The natural boot off the kicker will help you expand your inverts.
Drive It Make sure the kicker is angled slightly away from your boat path so you’re not hitting it straight on and you can use more of the ramp. The driver should always drive at a bit of an angle away from the kicker, especially when his rider is in the air. That way, the rider never loses line tension.
Pace Proper One of the great things about the kicker is that you can slow down in order to build your comfort level. It’s not like the wake, which gets mushy as you reduce your speed. Start at 18 to 20 mph so the ramp doesn’t feel as slippery and you’re not hitting it so hard. Gradually, speed up as you get more comfortable. I typically hit the kicker at about 23 to 24 mph, which is similar to how I hit the wake.
Time It Right Perfect timing comes with practice. Your comfort level and consistency will improves as you learn how your edge into and through the kicker works.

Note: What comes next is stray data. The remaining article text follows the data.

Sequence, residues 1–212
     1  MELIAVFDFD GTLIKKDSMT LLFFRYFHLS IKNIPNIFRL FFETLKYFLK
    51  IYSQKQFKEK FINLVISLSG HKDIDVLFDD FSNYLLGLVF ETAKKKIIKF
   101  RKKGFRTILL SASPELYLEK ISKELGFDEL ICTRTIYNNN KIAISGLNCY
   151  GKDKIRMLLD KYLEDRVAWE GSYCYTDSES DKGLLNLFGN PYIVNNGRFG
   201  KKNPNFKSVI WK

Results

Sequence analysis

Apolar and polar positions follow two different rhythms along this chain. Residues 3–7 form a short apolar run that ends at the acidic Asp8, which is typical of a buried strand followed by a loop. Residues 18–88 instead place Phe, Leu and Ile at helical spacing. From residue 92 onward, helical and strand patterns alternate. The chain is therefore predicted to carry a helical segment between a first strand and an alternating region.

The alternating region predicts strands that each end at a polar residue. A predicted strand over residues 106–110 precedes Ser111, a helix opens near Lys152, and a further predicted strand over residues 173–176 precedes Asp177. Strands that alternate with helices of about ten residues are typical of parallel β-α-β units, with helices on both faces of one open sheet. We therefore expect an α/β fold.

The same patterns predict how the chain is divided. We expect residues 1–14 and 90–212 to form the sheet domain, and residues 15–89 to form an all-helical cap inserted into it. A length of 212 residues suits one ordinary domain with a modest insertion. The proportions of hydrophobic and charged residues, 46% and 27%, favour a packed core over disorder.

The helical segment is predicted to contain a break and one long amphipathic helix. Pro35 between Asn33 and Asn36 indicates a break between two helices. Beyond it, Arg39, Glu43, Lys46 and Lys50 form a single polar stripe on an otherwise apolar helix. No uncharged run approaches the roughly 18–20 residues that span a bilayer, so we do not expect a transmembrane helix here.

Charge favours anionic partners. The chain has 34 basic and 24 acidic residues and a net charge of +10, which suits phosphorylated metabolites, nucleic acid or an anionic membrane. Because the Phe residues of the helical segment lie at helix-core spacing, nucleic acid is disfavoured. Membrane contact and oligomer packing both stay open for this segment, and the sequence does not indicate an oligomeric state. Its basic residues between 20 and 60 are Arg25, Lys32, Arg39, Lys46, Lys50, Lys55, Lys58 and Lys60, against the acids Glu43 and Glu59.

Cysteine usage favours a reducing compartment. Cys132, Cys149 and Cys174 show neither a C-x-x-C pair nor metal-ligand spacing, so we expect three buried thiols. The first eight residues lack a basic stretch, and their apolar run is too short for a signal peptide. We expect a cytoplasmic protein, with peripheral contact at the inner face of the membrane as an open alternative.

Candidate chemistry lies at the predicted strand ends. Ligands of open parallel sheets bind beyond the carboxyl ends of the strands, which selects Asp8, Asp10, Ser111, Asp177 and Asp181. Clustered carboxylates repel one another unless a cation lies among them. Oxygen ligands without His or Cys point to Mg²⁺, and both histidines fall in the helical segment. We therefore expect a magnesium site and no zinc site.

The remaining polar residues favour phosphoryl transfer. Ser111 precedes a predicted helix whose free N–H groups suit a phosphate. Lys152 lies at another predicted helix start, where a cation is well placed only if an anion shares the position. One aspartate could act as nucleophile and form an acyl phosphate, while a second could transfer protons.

Flip an Indy Tantrum Use an edge that’s in between the long, progressive glide edge and the short, snappy 360 edge. Take that medium edge all the way through the kicker, but make sure to center your body weight over your board because you’ll tend to slide out or go early if not. Just like with the wake, the kicker will do a lot of the work, so you don’t need to throw the flip too hard. Wait for the kick and let it send you into the trick, then reach for the grab as the ramp kicks your knees into your chest. Grabbing the board will speed up your flip, so make sure you’re spotting your landing all the way through. If you’re behind, pull the grab harder to speed up your rotation. As you come around, make sure you’re landing evenly over both feet.